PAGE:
In my recent conversations, mortgage executives have repeatedly lamented that their top producers are holding them hostage over resources, money and pricing. Especially troubling is that these high-performance sales professionals invariably tend to jump ship after the lender has conceded to their demands. In most cases, lenders have not even broken even before top producers leave for ever-higher commissions.
While recruiting top producers is a long-standing hiring trend in mortgage banking, it is more prevalent now than in the past and in my opinion, is becoming an increasingly risky financial strategy.
Twenty years ago, when I authored “Reaching the Top of Your Game: Best Practices of Top Mortgage Originators,” the Number One producers at the top 100 mortgage lenders stayed at their lender for a long time. This is no longer the case. Studies have shown that the average length of time for originators at a firm is two years. You can’t blame them when there always seems to be another lender that will pay outrageous guarantees to hire them.
Why have so many firms become dependent on top producers to hit their volume goals in the first place? The answer is rooted in simple math. As Stratmor has reported for years, the top 20% of originators generate the majority of volume in the industry! The remaining 80% are average to poor performers. The 80/20 rule wins again!
Management teams know the numbers because they have personally been impacted by the performance imbalance across their sales force. As a result, hiring managers pull out all the stops to recruit above-average originators, often guaranteeing six figures upfront just to sign up. Inevitably, paying top dollar for experienced sales talent has a tremendous cost at most lenders, even if senior managers only admit it in private.
Whether lenders cut their margins or change their workflow to accommodate top producers, the disadvantages pile up quickly. Before firms realize it, they are being held hostage to the demands of a few elite sales professionals. Even for lenders with sizable capital, hiring top producers is an untenable strategy for long-term success. Middle-tier or smaller lenders are in an even riskier predicament.
Is there a smarter strategy? Yes. Heavy-hitter Quicken Loans (now Rocket Mortgage) is leading the way with this strategy: hire inexperienced employees, provide training and create a career path for them by segmenting the work flow to match their learning curve.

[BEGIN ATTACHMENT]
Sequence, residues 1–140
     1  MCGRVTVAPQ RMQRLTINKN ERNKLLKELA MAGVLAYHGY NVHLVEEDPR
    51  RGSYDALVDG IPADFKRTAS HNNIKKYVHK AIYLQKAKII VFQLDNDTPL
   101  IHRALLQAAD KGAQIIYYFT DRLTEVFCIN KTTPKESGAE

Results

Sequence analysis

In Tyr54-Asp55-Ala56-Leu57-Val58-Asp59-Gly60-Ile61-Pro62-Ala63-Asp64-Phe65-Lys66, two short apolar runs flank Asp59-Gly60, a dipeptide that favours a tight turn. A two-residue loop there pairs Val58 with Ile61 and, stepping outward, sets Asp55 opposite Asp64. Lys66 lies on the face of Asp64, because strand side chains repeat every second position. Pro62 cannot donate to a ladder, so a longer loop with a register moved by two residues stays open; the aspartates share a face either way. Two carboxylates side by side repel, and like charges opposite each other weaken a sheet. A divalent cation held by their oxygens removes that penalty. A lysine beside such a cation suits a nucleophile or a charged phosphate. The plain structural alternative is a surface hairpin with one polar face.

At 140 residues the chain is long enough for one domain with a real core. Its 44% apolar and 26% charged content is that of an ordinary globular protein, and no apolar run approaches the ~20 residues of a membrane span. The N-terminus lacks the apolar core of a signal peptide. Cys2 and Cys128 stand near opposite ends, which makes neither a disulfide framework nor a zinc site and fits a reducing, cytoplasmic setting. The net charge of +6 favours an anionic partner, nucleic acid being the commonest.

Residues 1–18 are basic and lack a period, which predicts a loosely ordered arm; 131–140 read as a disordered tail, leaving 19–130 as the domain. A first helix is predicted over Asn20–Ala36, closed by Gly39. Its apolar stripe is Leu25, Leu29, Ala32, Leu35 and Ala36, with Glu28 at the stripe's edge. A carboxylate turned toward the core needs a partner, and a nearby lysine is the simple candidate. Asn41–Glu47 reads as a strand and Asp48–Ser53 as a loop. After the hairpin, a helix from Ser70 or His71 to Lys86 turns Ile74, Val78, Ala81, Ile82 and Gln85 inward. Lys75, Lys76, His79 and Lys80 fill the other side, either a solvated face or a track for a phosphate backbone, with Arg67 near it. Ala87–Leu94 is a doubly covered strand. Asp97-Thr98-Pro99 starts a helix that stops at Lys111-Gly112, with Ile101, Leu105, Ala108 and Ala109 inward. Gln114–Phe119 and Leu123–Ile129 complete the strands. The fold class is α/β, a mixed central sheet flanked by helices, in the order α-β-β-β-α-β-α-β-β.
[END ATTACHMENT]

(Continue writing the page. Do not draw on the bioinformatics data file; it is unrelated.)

Does hiring rookies work? If Rocket Companies’ 2020 results are any indication — $9 billion profit for 2020 — I would say “Yes!” At one time in its stratospheric trajectory, Quicken operated like every other mortgage banker and changed its approach. All lenders have the opportunity to do the same. This is where leadership needs to take a stand to achieve long-term success vs. short-term profits. Quicken chose the best long-term strategy and has built a sales machine that is the envy of the industry.
Rocket’s genius is that senior managers learned a long time ago that a sales strategy dependent on high-commission top producers is hard to scale. There are only so many top producers and competition for them is intense. Recruiting top producers may work when companies are flush but when the market changes, lenders must manage high expenses and address the performance imbalance between originators.
If you think Rocket is just lucky, let’s look at the world of sports teams for comparison. All major teams — whether the sport is baseball, football, basketball or hockey — risk losing when they make poor talent selections.
Sports teams and mortgage lenders are similar in the fact that after several years of poor hiring, it is clear that the team won’t make it into the playoffs.
As a fan of Philadelphia sports teams, I have seen this play out year after year in my hometown. Case in point: the Phillies finally won the World Series in 2008 but the 13 years since then have been a disaster. Same story with the other teams. Growing your own only works when you hire the right talent and develop those individuals. Once a lender or sports team gets that right, winning is inevitable.